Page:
For Reflection:
Miracles happen when people work with God offering whatever they have for the service of love. The Bible story for this week reminds us that finding the holy in our actions is about remembering to do the next right thing with love. Our small acts of love are the loaves and fishes which God uses to impact and transform the world. When we stated our mission statement as a church to be “Transforming Lives by Sharing the Love of God in our Communities,” we knew that it was an audacious goal, but we trusted that if we do our part, no matter how small it may be, God is able to take our small and faithful actions to bring about the transformation and healing that are needed here in our community. In addition, the small and consistent acts of love accumulate to become a way of life. The same is true of us as individuals. Setting out to be loving all the time may seem daunting, but learning to trust God to guide us in the next decision and actions to be loving ends up changing us in huge ways. It is all about focusing on the next step.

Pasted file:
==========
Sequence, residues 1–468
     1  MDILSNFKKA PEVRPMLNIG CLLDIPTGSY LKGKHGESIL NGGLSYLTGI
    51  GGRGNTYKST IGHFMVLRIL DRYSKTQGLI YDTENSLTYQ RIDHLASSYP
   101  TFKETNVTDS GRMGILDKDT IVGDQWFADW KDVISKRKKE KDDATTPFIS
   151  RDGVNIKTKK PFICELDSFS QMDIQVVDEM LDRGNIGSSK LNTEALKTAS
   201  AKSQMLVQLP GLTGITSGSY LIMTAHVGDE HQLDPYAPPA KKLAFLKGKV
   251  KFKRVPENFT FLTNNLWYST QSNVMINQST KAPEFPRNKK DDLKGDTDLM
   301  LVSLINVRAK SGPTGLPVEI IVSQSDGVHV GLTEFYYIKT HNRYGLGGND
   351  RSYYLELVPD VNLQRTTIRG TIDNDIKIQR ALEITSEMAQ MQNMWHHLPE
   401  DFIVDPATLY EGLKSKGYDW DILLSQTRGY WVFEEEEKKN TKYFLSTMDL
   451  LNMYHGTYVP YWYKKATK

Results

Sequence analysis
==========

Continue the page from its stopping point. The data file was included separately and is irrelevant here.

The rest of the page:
Mother Teresa was once asked about assisting in the creation of a big hospital that would be named after her. She was asked to think about all of the lives that the hospital could help and how all who entered would see her name. Without missing a beat, her response was this: “God did not call me to minister to the millions, but to minister to the one in front of me.” The person in front of her was all that her life was about.

Logos by Mary Oliver:
Why worry about the loaves and fishes?
If you say the right words, the wine expands.
If you say them with love
and the felt ferocity of that love
and the felt necessity of that love,
the fish explode into many.
Imagine him, speaking,
and don’t worry about what is reality,
or what is plain, or what is mysterious.
If you were there, it was all those things.
If you can imagine it, it is all those things.
Eat, drink, be happy.
Accept the miracle.
Accept, too, each spoken word
spoken with love.

Dream Big by Josh Wilson